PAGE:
Sites are located along Cougar Creek. The tent sites vary in size, with the smaller, more intimate sites found adjacent to Cougar Creek. Lake access is found across County Road 777 from the campground, with a trail that leads to Carberry Creek. (When the lake is full, the trail ends at the lake). There is nearby access to Applegate Lake and an OHV trail system. There are wheelchair accessible facilities and trails. This site is open all year, but is a walk-in site during the off-season, with no service provided during that time. Park at the gate and proceed on foot from there. Please pack out what you pack in, and always remember to Leave No Trace. Facilites 10 campsites (tent sites) with picnic tables and fire pits Day use area Vault toilet No drinking water Garbage disposal provided during operating season

    • Tents
    • Group
    • Standard (Tent/RV)
    • Trash
    • Picnic Table
    • Toilets
    Camper-submitted photo from Bolan Lake Campground
    Camper-submitted photo from Bolan Lake Campground
    Camper-submitted photo from Bolan Lake Campground

    6.

    Bolan Lake Campground

    1 Review
    3 Photos
    38 Saves
    O'Brien, Oregon

    Bolan Lake Campground sits along the shores of Bolan Lake, a 12-acre lake sitting high above the Illinois Valley. Campsites are in a dispersed camping area, but are equipped with tables and fire pits. Large conifers provide shade in the heat of summer months, and the wildflowers are not to be missed in this area in the early summer. Bolan Lake Trail #1245, located within the campground, climbs up to the old fire lookout on Bolan Peak. The lookout is available for rent; reservations must be made at www.recreation.gov. Facilities 12 campsites with picnic tables, and fire pits No drinking water 2 vault toilets No garbage disposal - Please pack it out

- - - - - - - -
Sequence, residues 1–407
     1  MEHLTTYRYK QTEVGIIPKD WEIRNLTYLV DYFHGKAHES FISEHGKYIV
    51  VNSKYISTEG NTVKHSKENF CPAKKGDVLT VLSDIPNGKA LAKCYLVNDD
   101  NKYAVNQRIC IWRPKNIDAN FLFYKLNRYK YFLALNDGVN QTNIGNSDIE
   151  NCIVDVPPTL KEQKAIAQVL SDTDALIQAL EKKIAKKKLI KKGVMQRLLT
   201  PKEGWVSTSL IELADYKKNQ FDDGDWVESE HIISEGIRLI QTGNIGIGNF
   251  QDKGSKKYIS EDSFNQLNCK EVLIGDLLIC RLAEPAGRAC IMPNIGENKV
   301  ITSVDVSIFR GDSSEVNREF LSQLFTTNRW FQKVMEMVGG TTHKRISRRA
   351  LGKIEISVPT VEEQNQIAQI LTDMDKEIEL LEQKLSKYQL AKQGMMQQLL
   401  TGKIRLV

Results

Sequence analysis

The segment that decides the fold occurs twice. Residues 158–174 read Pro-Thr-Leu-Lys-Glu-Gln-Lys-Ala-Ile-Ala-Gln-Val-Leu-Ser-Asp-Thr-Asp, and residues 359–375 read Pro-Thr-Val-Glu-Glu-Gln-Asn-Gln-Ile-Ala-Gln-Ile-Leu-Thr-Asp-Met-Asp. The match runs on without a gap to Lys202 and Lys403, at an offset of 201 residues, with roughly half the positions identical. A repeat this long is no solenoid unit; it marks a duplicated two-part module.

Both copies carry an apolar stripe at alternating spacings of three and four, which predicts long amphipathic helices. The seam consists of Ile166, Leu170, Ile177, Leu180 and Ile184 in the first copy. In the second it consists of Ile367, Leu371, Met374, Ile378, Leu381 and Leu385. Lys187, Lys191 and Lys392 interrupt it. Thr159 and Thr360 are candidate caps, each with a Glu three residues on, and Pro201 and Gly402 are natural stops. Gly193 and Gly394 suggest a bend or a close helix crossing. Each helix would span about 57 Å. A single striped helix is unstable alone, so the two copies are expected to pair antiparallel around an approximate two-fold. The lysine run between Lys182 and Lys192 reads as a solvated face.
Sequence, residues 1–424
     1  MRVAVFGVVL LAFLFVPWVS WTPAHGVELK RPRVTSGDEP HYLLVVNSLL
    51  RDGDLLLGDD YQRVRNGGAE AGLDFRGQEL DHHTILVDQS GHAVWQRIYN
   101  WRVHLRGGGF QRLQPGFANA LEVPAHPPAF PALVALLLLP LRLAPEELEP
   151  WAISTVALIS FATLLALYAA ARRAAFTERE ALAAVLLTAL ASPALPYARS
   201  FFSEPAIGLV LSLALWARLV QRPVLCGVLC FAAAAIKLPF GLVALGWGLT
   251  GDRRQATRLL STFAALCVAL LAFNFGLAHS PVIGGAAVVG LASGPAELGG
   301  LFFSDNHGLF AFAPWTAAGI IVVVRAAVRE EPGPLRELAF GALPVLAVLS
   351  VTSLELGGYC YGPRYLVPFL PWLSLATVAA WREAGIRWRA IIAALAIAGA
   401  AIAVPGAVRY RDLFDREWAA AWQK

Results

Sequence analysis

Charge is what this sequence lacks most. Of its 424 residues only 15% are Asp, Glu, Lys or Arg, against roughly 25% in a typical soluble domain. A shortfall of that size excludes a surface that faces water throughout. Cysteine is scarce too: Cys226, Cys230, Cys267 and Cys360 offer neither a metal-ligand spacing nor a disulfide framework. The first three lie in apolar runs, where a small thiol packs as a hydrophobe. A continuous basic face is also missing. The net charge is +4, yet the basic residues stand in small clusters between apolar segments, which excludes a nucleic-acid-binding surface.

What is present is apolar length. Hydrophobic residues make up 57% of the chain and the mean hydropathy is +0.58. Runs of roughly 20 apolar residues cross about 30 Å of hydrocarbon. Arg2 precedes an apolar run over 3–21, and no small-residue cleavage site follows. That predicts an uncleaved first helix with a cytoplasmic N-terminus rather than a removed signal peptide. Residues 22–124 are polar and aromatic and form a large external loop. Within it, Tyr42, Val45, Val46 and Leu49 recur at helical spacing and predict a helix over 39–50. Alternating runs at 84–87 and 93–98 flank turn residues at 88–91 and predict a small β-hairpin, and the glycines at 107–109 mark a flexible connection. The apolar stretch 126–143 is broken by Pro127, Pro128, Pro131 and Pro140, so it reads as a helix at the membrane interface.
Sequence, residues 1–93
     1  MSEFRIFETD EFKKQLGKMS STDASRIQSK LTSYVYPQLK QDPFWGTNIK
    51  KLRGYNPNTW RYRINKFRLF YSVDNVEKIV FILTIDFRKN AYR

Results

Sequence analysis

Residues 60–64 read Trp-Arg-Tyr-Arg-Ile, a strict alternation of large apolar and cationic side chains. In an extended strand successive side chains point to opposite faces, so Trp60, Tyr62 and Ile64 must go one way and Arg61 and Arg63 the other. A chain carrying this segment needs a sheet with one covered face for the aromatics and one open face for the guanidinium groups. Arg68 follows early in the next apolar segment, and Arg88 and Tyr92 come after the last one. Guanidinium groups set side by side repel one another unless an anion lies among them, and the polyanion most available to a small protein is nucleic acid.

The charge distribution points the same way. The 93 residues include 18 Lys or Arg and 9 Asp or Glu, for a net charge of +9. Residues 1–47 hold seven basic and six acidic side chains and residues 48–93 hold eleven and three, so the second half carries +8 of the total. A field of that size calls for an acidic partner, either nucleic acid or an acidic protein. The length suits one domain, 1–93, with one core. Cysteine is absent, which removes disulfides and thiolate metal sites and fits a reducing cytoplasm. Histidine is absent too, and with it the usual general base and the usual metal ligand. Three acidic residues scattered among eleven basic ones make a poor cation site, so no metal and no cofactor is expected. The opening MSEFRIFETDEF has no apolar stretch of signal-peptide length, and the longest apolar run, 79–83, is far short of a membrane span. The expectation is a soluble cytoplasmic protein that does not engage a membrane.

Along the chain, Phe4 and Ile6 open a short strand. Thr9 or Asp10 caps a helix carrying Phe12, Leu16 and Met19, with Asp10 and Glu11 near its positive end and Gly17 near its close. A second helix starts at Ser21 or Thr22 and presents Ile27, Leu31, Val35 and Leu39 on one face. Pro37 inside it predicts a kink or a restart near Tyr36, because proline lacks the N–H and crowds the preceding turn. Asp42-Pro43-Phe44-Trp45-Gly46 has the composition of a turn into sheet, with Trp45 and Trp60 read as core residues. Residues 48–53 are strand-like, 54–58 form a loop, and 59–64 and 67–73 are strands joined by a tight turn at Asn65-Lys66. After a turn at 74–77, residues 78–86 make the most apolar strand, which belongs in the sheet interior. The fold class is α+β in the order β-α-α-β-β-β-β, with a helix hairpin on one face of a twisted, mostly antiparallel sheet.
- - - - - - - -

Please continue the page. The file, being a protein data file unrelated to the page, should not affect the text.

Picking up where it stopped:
• Pets
    • Fires
    • Tents
    • Standard (Tent/RV)
    • Picnic Table
    • Toilets
    Camper-submitted photo from Watkins
    Camper-submitted photo from Watkins

    7.

    Watkins

    1 Review
    2 Photos
    6 Saves
    Seiad Valley, California

    Sites are located on Applegate Lake. There are wheelchair accessible facilities. Facilities 14 campsites (tent-sites) with picnic tables, and fire pits 1 group campsite (20-50 people) No drinking water Vault toilet Garbage disposal available during operating season Seasonal information: The site is free and open during the off-season as a walk-in site (parking at the gate, and proceeding on foot). No services or water are available during the off-season. Please pack out all trash and remember to Leave No Trace.

    • Tents
    • Toilets
    • No image available

      8.

      Lovers Camp Trailhead

      1 Review
      3 Saves
      Greenview, California

      The Lover's Camp Trailhead is the starting point for popular hikes to Marble Valley, Sky High Lakes, Red Rock Valley, Little Elk Lake and Deep Lake. The Canyon Creek Trail connects with the PCT. Be sure to park in area designated and not in campsites.

      • Reservable